Jun
23

Alien Ocean

Could a liquid water ocean beneath the surface of Jupiter’s moon Europa have the ingredients to support life? Smithsonian scientists are among those helping NASA find out.

 

The puzzling, fascinating surface of Jupiter’s icy moon Europa looms large in this newly-reprocessed color view, made from images taken by NASA's Galileo spacecraft in the late 1990s. The scene shows the stunning diversity of Europa’s surface geology. Long, linear cracks and ridges crisscross the surface, interrupted by regions of disrupted terrain where the surface ice crust has been broken up and re-frozen into new patterns. (Image credit: NASA/JPL-Caltech/SETI Institute)

The puzzling, fascinating surface of Jupiter’s icy moon Europa looms large in this newly-reprocessed color view, made from images taken by NASA’s Galileo spacecraft in the late 1990s. The scene shows the stunning diversity of Europa’s surface geology. Long, linear cracks and ridges crisscross the surface, interrupted by regions of disrupted terrain where the surface ice crust has been broken up and re-frozen into new patterns. (Image credit: NASA/JPL-Caltech/SETI Institute)

Beyond Earth, Jupiter’s moon Europa is considered one of the most promising places in the solar system to search for signs of present-day life, and a new NASA mission to explore this potential is moving forward.

The space agency recently announced that it has selected nine science instruments for a mission to Europa, scheduled to launch in the next decade, to investigate whether the mysterious icy moon could harbor conditions suitable for life.The instruments will scan Europa for environments that could sustain life. NASA’s earlier Gallileo mission yielded strong evidence that Europa, about the size of Earth’s moon, has an ocean beneath a frozen crust of unknown thickness. If proven to exist, this global ocean could have more than twice as much water as Earth. With abundant salt water, a rocky sea floor, and the energy and chemistry provided by tidal heating, Europa could be the best place in the solar system to look for present day life beyond our home planet.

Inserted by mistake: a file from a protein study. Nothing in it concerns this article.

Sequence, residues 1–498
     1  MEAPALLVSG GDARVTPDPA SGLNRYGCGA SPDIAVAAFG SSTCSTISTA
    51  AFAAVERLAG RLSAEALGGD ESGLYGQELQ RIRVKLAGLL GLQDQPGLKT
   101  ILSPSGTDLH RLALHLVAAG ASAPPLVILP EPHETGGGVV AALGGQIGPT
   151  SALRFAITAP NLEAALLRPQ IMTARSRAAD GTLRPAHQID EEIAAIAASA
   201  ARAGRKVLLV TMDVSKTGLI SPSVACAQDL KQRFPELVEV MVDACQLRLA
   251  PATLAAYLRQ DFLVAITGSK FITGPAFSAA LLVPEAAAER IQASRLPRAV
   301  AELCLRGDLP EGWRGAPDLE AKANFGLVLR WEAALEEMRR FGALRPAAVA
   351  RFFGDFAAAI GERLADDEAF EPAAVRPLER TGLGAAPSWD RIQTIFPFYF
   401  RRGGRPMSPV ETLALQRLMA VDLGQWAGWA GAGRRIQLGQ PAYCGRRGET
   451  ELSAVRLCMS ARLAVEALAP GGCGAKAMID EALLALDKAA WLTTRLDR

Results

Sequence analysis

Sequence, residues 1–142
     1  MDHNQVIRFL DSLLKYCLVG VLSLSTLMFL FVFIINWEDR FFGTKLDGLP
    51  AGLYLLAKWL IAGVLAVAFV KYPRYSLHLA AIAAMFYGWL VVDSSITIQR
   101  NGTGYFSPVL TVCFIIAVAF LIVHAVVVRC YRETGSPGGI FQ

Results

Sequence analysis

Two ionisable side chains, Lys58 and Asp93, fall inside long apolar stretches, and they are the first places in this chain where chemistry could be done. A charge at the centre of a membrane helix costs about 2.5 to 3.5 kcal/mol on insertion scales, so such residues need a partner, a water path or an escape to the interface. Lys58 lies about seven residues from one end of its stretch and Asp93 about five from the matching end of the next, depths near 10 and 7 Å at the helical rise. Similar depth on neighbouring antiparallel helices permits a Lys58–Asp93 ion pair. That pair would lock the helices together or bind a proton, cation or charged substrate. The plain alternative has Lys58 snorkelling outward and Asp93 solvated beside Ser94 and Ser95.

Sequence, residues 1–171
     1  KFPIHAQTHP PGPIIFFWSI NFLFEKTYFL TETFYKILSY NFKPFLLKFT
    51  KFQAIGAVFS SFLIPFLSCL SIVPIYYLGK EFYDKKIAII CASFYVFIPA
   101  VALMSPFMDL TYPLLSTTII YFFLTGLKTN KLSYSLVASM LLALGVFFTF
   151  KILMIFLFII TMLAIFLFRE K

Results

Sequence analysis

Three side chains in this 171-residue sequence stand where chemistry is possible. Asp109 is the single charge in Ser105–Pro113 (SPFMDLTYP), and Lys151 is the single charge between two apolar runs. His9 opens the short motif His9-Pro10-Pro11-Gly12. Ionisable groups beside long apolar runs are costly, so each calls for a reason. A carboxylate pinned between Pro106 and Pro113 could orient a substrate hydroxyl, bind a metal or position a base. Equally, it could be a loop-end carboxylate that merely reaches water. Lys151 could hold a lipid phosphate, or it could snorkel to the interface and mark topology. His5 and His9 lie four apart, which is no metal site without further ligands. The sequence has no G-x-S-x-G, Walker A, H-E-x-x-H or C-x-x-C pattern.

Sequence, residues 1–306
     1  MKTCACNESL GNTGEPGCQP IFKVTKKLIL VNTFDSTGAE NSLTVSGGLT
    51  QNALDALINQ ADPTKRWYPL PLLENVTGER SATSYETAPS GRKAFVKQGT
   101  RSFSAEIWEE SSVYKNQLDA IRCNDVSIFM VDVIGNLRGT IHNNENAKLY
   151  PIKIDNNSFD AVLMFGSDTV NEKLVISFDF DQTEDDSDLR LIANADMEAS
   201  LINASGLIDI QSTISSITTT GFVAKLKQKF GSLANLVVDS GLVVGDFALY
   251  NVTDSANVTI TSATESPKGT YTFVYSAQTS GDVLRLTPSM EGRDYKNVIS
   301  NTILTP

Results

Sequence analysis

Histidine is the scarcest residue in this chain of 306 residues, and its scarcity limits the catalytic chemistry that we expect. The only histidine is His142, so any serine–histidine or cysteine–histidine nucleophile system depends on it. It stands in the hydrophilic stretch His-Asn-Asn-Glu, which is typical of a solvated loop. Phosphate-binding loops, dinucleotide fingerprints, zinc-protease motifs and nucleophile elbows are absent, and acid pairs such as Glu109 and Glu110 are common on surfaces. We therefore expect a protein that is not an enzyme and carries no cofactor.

Bruce Campbell, chair of the Center for Earth and Planetary Study at the National Air and Space Museum, is a member of the University of Texas-based team that developed one of the instruments for the mission, REASON (Radar for Europa Assessment and Sounding: Ocean to Near-surface). REASON will probe kilometers deep into Europa’s ice shelf to detect pockets of water within the ice that could serve as a passageway for sulfuric compounds, one of life’s chemical building blocks, on the moon’s surface to the liquid ocean below the ice — an environment where life could potentially develop.

“My role in the development of REASON builds on work I currently do as a science team member for the SHARAD radar instrument on the Mars Reconnaissance Orbiter,” Campbell says. “This includes working on how the surface roughness affects detection of subsurface features, and understanding the right kinds of radar processing to apply for various geologic studies.”

Bizarre features on Europa’s icy surface suggest a warm interior. This view of the surface of Jupiter's moon Europa was obtained by NASA's Galileo mission. (Image credit: NASA / JPL-CalTech)

Bizarre features on Europa’s icy surface suggest a warm interior. This view of the surface of Jupiter’s moon Europa was obtained by NASA’s Galileo mission. (Image credit: NASA / JPL-CalTech)

Read more about the REASON project here >>

 

Could a liquid water ocean beneath the surface of Jupiter’s moon Europa have the ingredients to support life?

Alien Ocean: NASA’s Mission to Europa

 


Posted: 23 June 2015
About the Author:

Alex di Giovanni has been editing The Torch since August 2006. Prior to joining the Smithsonian, she worked as a writer and editor for the National Geographic Society, Plexus Scientific, The Nature Conservancy, The National Foreign Language Center and St. Martin’s Press, among others. She has the best job in the world.